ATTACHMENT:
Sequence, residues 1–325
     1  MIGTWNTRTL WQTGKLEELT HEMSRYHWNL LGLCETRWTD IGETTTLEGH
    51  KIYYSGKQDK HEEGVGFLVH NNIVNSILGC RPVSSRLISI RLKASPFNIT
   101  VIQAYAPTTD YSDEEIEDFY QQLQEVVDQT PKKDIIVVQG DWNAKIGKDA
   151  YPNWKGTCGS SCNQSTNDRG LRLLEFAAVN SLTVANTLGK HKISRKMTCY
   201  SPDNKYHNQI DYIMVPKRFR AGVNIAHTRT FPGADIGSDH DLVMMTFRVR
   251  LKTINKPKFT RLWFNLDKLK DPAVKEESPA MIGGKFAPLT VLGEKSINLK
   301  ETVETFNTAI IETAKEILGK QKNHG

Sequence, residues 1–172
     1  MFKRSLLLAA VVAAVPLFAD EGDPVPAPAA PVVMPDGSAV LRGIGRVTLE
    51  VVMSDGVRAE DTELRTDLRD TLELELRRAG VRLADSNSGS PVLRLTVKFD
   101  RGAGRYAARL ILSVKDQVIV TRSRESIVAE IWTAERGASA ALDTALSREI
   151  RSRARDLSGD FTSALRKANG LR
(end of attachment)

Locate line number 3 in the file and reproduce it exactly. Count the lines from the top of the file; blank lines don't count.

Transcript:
    51  KIYYSGKQDK HEEGVGFLVH NNIVNSILGC RPVSSRLISI RLKASPFNIT